Macron heads to Cameroon for 3-nation Africa tour amid mixed reception

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French President Emmanuel Macron is in Cameroon to start his 3-nation Africa tour, where he is expected to discuss the African food crisis sparked by Russia’s war in Ukraine, the need for Cameroon to increase its agricultural production and the upsurge in insecurity in the country.

Macron is due to spend three days in Yaounde, Cameroon’s capital, before heading to Benin and Guinea Bissau.

The Cameroon government has given Yaounde a facelift for Macron’s visit, with bulldozers razing makeshift market stalls and shacks on the streets where Macron’s convoy will pass.

“They have destroyed my only source of livelihood,” said Solange Kemje, 28, among the several hundred stall owners affected.

Others welcome the visit of France’s leader, hoping that Macron will extend help in the face of rising insecurity from jihadi violence that has spilled over from neighbouring Nigeria.

The central African state is also battling a separatist conflict that has killed at least 3,300 people and displaced more than 750,000 in five years, according to the UN. Rebels are fighting for Cameroon’s English-speaking minority to have an independent country called Ambazonia.

Some hope that hope Macron will influence President Paul Biya to end the use of force as a solution to the separatist crisis in Cameroon’s English-speaking regions, according to Capo Daniel, deputy defence chief of the Ambazonia Defense Forces, one of the separatist groups.

“One of our factions in our liberation movement called for a lockdown to protest Emmanuel Macron’s visit,” said Capo. “But other movements will be watching this event with the hope that Emmanuel Macron will push Paul Biya to choose the path of peaceful resolution of the war [of separatist violence] as an alternative to the current posture of the state of Cameroon to use war to resolve the problem with Ambazonia.”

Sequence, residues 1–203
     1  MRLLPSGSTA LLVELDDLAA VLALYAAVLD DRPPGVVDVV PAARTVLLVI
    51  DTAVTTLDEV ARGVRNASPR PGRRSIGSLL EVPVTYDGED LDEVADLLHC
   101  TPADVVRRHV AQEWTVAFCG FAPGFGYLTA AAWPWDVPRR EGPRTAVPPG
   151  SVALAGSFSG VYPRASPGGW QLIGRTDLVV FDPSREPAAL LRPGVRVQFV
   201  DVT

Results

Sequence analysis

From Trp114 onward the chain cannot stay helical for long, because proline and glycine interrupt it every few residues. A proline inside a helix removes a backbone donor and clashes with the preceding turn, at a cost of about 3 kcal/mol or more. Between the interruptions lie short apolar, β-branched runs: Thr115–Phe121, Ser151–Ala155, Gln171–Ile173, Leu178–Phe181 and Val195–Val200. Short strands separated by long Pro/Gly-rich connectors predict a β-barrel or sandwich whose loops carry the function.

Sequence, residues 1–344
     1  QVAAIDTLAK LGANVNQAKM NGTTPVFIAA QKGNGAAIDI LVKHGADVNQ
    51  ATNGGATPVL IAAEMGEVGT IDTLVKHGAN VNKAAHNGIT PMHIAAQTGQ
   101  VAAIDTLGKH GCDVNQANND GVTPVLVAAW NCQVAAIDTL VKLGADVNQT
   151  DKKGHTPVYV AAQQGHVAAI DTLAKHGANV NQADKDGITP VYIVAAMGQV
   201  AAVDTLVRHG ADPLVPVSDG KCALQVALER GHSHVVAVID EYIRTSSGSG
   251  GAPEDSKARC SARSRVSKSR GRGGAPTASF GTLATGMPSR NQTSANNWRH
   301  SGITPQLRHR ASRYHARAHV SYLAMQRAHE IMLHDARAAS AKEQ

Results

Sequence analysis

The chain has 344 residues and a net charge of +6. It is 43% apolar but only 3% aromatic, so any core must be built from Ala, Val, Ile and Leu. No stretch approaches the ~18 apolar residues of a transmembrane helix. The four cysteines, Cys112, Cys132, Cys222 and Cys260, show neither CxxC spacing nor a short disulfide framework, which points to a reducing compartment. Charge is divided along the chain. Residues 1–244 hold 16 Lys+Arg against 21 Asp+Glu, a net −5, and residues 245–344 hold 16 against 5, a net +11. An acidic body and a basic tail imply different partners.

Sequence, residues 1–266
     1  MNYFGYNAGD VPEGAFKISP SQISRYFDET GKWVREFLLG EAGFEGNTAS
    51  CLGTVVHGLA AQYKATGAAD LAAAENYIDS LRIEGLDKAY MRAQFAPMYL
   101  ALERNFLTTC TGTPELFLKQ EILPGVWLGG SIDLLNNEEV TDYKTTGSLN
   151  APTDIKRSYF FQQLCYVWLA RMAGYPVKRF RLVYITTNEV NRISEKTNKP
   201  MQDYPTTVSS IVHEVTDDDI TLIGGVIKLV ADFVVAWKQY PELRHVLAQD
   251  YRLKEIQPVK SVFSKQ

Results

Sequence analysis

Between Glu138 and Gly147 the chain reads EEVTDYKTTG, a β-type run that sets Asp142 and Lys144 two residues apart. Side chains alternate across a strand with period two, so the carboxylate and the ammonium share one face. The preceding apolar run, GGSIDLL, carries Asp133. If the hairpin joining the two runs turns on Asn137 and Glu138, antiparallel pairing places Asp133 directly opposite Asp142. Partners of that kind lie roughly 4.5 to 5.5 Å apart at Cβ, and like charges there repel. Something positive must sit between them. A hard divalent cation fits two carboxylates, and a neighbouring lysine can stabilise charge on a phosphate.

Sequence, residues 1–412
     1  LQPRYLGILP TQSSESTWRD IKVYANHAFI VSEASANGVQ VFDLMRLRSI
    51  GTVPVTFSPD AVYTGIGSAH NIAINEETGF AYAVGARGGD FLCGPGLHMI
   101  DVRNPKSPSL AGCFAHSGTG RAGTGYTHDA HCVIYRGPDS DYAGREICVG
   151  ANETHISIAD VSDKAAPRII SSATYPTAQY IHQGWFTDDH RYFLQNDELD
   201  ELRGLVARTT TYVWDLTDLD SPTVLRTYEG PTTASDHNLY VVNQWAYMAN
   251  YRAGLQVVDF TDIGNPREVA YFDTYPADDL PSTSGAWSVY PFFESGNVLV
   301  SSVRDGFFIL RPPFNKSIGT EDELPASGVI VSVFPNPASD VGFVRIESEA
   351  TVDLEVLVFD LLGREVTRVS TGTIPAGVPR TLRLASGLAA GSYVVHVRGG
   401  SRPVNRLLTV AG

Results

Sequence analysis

Cameroon says France supports its military to fight separatists and the jihadi violence from Nigeria’s Boko Haram rebels but has given no details on how many weapons have been received from France.

Others hope that Macron will encourage Cameroon’s 89-year-old President Paul Biya, who has been in power for close to 40 years, to retire.

“The discussion should go around a peaceful transition of power in Cameroon and also the issues of human rights and democracy in Cameroon,” said Prince Ekosso, leader of the United Socialist Democratic Party.

Biya is accused of rigging elections in order to stay in power until he dies. But he maintains he always won democratic elections fairly.

Cameroon signed a defence treaty with Russia and agreed to let China carry out mining, both of which reduced the influence of France in the country, Prince Ekosso said.

For its part, Cameroon’s Consumers League says it wants Cameroon, Benin and Guinea Bissau to ask Macron to reconsider EU trade sanctions on Russia. The consumer advocacy group blames the EU sanctions for fuel and wheat shortages and rising food prices across Africa.